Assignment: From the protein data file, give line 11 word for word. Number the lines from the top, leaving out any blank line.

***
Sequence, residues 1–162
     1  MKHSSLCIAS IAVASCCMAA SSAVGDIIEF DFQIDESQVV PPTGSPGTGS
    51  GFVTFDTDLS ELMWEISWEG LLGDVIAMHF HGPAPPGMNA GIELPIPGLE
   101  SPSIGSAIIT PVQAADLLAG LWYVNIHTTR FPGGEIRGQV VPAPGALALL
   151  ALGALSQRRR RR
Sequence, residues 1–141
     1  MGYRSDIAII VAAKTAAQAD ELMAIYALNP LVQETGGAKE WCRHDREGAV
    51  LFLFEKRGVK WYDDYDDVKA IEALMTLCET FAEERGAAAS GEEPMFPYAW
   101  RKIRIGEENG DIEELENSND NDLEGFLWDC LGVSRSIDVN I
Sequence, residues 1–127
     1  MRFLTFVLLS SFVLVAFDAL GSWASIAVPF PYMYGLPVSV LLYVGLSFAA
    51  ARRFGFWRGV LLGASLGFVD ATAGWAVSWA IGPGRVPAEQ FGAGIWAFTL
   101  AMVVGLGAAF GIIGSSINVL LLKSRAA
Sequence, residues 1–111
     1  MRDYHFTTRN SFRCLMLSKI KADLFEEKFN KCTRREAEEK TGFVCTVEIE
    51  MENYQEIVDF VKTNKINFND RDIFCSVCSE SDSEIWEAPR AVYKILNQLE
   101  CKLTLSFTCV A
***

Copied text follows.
     1  MRFLTFVLLS SFVLVAFDAL GSWASIAVPF PYMYGLPVSV LLYVGLSFAA